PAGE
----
In the Driver's Seat...Prince had always worked in labor intensive positions, but with the diagnosis of kidney failure and high blood pressure, he had to find a new career that didn’t require long periods of standing or walking, and allowed him to go for his dialysis treatments.  But changing careers would be a challenge for Prince.  He didn’t have a high school diploma or GED, and he found classroom work to be a struggle.  He needed something that would be hands-on, and since he enjoyed working with the public, he wanted something that would allow him to continue to have that interaction.  After some career exploration with his ACCES-VR counselor, Prince decided that he would like to obtain his Commercial Drivers License (CDL).

Prince began a ACCES-VR sponsored training program in 2005 to obtain his CDL, but he wasn’t able to pass the driving test because of difficulties, stemming from years of dialysis, in operating the gear shift.  After some discussion, it was felt that a different vocational path should be explored.  Although Prince was considering other jobs, he remained committed to his original goal of driving.

After several setbacks, Prince was able to locate a position as a bus driver that didn’t require a CDL. This position gave him the opportunity to interact with the public and to use the skills he learned while in the training program.  Although this position initially did not require a specialized driver’s license, this changed.  With hard work and support from ACCES-VR and his employer, Prince was able to pass the CDL exam.  Today, Prince continues to work as a bus driver, driving the children to and from school.  The employer reports that Prince does a great job and Prince feels his job match is perfect.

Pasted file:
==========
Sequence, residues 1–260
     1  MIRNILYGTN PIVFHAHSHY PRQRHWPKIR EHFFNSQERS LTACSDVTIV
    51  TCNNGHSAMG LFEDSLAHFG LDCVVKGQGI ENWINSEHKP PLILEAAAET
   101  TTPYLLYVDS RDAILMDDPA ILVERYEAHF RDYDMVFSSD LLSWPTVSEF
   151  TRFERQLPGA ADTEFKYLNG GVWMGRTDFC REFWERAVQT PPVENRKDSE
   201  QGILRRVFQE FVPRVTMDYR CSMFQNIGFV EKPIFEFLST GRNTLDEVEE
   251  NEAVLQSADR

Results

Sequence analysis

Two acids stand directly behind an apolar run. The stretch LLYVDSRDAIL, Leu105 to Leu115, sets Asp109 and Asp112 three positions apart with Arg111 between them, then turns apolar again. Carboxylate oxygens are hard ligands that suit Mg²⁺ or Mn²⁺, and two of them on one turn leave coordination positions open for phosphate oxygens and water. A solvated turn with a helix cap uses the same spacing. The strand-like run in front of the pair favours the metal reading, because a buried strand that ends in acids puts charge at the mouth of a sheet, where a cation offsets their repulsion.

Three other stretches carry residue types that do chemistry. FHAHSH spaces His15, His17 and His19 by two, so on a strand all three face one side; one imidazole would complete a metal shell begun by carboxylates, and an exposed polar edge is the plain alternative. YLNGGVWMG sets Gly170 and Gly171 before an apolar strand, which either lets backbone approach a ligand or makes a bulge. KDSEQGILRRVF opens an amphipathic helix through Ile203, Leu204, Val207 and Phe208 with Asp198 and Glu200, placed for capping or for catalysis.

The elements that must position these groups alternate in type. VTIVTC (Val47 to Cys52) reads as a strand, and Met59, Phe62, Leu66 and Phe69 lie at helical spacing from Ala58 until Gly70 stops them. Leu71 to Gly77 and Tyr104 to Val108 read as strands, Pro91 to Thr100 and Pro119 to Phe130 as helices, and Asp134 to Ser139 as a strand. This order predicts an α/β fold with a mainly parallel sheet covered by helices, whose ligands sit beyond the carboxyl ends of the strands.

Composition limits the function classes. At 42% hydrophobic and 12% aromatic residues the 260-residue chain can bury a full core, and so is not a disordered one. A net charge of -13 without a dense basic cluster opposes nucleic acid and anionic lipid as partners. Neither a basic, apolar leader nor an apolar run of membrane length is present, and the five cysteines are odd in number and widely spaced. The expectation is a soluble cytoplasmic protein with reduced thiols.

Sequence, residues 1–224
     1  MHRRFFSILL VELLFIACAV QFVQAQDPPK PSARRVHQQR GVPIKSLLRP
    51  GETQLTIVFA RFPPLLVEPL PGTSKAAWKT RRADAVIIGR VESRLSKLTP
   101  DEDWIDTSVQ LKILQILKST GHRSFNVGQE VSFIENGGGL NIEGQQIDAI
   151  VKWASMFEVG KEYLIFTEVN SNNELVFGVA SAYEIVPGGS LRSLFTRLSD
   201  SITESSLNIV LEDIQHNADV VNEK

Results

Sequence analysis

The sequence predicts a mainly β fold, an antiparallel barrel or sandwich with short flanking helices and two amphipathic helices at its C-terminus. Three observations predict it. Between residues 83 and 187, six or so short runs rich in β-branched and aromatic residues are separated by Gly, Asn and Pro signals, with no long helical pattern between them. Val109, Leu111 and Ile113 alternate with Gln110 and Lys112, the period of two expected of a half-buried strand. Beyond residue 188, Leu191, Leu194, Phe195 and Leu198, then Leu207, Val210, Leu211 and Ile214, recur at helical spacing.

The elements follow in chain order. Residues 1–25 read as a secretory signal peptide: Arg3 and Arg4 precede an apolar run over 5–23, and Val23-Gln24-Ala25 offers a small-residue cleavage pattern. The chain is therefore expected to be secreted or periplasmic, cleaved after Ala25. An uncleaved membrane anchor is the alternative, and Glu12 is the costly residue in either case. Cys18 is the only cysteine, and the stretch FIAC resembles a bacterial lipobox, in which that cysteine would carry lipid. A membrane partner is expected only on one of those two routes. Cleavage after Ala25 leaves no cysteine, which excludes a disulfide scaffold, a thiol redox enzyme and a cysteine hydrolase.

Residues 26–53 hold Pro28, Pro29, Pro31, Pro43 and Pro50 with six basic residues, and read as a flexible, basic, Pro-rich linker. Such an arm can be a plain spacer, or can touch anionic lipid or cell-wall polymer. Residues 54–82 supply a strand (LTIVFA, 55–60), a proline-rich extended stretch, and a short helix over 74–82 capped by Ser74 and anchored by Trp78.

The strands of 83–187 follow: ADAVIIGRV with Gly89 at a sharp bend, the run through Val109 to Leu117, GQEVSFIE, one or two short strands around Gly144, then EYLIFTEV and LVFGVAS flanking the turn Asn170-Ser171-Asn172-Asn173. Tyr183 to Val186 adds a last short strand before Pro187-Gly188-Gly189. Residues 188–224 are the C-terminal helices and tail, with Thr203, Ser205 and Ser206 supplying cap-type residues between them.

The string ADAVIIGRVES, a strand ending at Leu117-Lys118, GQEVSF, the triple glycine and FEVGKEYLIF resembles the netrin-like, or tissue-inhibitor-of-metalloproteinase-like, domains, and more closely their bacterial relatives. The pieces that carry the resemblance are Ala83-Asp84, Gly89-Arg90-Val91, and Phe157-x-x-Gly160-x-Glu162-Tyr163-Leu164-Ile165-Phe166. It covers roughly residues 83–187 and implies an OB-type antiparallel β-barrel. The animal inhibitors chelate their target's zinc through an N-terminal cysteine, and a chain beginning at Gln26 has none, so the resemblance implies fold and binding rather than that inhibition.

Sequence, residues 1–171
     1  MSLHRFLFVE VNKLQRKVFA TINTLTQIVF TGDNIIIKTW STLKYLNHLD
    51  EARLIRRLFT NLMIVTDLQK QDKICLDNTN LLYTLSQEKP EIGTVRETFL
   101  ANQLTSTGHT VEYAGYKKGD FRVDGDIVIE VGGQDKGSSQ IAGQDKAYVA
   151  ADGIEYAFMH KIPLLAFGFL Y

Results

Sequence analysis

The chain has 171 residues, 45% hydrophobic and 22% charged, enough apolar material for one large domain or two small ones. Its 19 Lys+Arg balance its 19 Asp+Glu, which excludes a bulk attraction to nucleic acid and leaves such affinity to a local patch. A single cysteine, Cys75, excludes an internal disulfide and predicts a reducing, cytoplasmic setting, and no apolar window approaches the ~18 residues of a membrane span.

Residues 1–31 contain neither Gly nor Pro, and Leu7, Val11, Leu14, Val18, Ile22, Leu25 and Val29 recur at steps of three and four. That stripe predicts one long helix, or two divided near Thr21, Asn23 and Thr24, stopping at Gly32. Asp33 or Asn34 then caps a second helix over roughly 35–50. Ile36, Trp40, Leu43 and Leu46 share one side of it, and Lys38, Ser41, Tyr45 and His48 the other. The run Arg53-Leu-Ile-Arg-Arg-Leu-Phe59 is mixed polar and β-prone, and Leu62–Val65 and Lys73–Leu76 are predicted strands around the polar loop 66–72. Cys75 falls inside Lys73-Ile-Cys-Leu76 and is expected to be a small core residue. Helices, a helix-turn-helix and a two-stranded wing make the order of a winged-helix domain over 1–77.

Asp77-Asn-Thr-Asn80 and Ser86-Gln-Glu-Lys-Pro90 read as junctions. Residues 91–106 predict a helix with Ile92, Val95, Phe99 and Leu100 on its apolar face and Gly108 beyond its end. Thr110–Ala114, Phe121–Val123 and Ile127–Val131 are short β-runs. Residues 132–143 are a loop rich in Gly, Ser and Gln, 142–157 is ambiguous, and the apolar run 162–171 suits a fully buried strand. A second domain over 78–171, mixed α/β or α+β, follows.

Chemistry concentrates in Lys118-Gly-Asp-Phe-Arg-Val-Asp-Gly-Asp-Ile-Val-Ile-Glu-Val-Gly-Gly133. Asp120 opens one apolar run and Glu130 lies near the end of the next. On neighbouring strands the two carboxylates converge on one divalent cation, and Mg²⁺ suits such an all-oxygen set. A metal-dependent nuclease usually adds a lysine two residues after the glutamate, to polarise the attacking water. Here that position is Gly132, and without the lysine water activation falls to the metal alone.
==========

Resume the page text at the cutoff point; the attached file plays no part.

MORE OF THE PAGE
Laura Maas, Local Workforce Development and Business Relations Representative
Rochester District Office (RAEN Member)

Biggest Concern in Workplace: Attitude

In an article Barriers for Disabled at Work, “disabled people say their biggest concern in the workplace isn’t accessibility; it’s attitude.”  (Komp, 2006)  “Impressing a potential employer during an interview and getting a good job offer is difficult for many. But for those with disabilities — who must prove they are as qualified as non-disabled candidates — finding any job has its own challenges.

When Congress enacted the Americans with Disabilities Act (ADA) 15 years ago, supporters hoped the equity legislation would increase disabled peoples’ opportunities for employment. But, according to researchers at Cornell University, the employment rate for people with disabilities peaked around 25 percent in the 1990s before dropping below 20 percent by 2004.”  (Komp, 2006)


Walgeens More Than a Drugstore

The Distribution Center for Walgreen’s located in Windsor, Conn is proving more than just a facility that ships its retail merchandise to other stores… here the company has taken major steps in the advancement of hiring workers with disabilities.  CNN Newsroom has the complete story

{Story provided by one of our RAEN members, Jeanne B.}